How to Install FFmpeg on Rocky Linux 9

FFmpeg is a powerful tool for manipulating audio and video files. It can decode, encode, transcode, mux, demux, stream, filter, and play nearly all multimedia files created on any platform. FFmpeg compiles and runs on Linux, Mac OS X, Microsoft Windows, BSD systems, and Solaris. In addition to playing various file formats, FFmpeg also supports several different codecs. This makes it an ideal tool for transcoding files between multiple formats or encoding files for use with specific devices or platforms. Additionally, FFmpeg can be used to create streaming video or audio over the internet. FFmpeg is a versatile and powerful tool in any multimedia enthusiast’s toolkit.

The following tutorial will teach you how to install FFmpeg on Rocky Linux 9 using the RPM Fusion free repository command line terminal.

Update Rocky Linux

First, update your system to avoid any conflicts when installing the package.

sudo dnf upgrade --refresh

Install EPEL/EPEL Next Repository

The first task is to install the EPEL repository, and the recommendation is to install both repositories.

First, enable the CRB repository.

sudo dnf config-manager --set-enabled crb

Next, install EPEL using the following (dnf) terminal command.

sudo dnf install \ \

Install & Enable RPM Fusion Repositories

In the second step, install the RPM Fusion repo’s in your terminal with the following install options below.

Note, if you an open-source fan, only install the free repository. For all other users, install both.

Install/Enable the Free Repository (REQUIRED)

sudo dnf install --nogpgcheck$(rpm -E %rhel).noarch.rpm -y

Install/Enable the Non-Free Repository (OPTIONAL)

sudo dnf install$(rpm -E %rhel).noarch.rpm -y

Install FFmpeg

Using the following command, install FFmpeg.

sudo dnf install ffmpeg -y

For the development packages, use the following command.

sudo dnf install ffmpeg-free-devel -y

Optionally, verify the installation with the following terminal command.

ffmpeg -version

Example output:

How to Install FFmpeg on Rocky Linux 9

If you want to see which FFmpeg’s decoders and encoders are available, type the following commands.

FFmpeg encoders:

ffmpeg -encoders

FFmpeg decoders:

ffmpeg -decoders

More information can be found using the following commands.

FFmpeg formats:

ffmpeg -formats

FFmpeg codecs:

ffmpeg -codecs

FFmpeg bitstream filters:

ffmpeg -bsfs

FFmpeg protocols:

ffmpeg -protocols

FFmpeg filters:

ffmpeg -filters

FFmpeg pixel formats

ffmpeg -pix_fmts

FFmpeg channel layouts:

ffmpeg -layouts

FFmpeg audio sample formats:

ffmpeg -sample_fmts

FFmpeg Basic Commands

Below are some basic commands for using FFmpeg. I would recommend visiting the official documentation to see a complete list of examples, as it is pretty extensive.

The primary command usage syntax for FFmpeg is below as an example.

ffmpeg [global_options] {[input_file_options] -i input_url} …{[output_file_options] output_url} …

Note that you will need to use these commands on each new file. There is no saving technique to date.

FFmpeg Conversion Example

To convert audio and video files with FFmpeg, you do not need to specify your command’s input and output formats. Instead, the input file format is auto-detected, and the output is given an output formulated from the file extension.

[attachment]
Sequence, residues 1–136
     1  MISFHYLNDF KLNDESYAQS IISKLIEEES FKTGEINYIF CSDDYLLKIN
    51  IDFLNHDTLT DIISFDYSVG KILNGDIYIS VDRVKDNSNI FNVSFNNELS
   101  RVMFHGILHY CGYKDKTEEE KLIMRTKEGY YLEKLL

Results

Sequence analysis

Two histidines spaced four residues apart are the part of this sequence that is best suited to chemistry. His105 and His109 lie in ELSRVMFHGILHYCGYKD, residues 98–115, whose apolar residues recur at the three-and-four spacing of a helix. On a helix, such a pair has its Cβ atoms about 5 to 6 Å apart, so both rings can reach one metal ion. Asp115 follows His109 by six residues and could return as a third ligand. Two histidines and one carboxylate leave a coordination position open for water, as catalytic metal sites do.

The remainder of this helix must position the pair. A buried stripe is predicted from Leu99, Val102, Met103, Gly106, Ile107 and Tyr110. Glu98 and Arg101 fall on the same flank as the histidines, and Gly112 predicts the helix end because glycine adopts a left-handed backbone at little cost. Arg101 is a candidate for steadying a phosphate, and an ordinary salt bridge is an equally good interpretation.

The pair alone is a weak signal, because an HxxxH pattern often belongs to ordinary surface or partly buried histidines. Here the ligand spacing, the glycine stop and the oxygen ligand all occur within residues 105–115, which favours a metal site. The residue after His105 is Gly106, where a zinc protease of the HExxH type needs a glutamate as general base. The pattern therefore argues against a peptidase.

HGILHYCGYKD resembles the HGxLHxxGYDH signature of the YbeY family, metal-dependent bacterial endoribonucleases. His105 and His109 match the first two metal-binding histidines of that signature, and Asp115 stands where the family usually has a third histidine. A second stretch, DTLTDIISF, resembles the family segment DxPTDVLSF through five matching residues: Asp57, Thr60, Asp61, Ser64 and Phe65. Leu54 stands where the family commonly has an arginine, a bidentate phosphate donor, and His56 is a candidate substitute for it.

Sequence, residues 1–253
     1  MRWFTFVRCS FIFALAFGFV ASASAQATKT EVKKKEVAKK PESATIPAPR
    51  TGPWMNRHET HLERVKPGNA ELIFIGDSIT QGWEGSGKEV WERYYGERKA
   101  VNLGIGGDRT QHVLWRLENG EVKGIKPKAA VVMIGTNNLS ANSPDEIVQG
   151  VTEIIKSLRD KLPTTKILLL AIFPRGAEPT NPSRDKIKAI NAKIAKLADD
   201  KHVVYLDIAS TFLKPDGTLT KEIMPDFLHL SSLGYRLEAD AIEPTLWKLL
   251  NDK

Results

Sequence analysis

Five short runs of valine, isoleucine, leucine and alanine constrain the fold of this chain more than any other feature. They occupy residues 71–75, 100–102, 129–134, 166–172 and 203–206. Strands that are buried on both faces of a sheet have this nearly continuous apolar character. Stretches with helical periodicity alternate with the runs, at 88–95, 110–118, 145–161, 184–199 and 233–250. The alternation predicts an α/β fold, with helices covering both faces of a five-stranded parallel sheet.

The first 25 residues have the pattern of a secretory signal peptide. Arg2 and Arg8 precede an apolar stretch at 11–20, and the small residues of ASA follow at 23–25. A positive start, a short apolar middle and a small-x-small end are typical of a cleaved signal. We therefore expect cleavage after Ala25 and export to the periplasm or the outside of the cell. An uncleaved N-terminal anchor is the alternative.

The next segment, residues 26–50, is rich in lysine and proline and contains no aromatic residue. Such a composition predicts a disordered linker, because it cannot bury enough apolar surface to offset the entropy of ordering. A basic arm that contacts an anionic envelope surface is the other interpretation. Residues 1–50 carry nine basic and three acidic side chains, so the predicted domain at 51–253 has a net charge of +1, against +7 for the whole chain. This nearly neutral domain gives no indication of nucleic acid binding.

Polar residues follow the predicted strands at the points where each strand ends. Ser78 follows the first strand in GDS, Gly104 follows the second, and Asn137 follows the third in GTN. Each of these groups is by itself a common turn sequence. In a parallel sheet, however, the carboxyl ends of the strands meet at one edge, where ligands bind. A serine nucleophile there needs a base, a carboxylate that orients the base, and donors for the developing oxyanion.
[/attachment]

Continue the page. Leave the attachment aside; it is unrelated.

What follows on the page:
Convert a video file from mp4 to WebM.

ffmpeg -i existingfile.mp4 newfile.webm

Alternatively, it can also include more output files than just 1.

ffmpeg -i existingfile.wav newfile.mp3 newfile.ogg

Remember to check the list of supported formats using the following command:

ffmpeg -formats

FFmpeg Extract Audio from Video Example

If you want to extract the audio from a video file, this is done with the -vn input.

ffmpeg -i video.mp4 -vn audio.mp3

Note that this will convert the audio to the current bit rate of the original video file.

If you want to specify a new rate, enter the following example command.

ffmpeg -i video.mp4 -vn -ab 128k audio.mp3

Some examples of the most common bit rates are 96k, 128k, 192k, 256k, and 320k.

How to Update/Upgrade FFmpeg

FFmpeg was installed with RPM Fusion using the dnf package manager. This makes maintaining updates simple and quick by running the standard update command as you check your entire system for updates as follows.

sudo dnf update --refresh

How to Remove (Uninstall) FFmpeg

Remove FFmpeg using the following command.

sudo dnf autoremove ffmpeg ffmpeg-devel

Remove autoremove and replace it with remove for users that do not want to remove the unused dependencies from the installation. I would recommend keeping EPEL and RPM Fusion installed, and most users often need multiple packages from these repositories, which are highly used within the community.

Comments and Conclusion

FFmpeg is an excellent multimedia software that can do much more than we discussed in this post. It’s simple and lightweight, so it works well without wasting too much time or resources. If you need to convert files quickly and efficiently, FFmpeg is the program for you.

To learn more about what FFmpeg can do, visiting their documentation page will help you with your goals.

Not what you were looking for? Try searching for additional tutorials.

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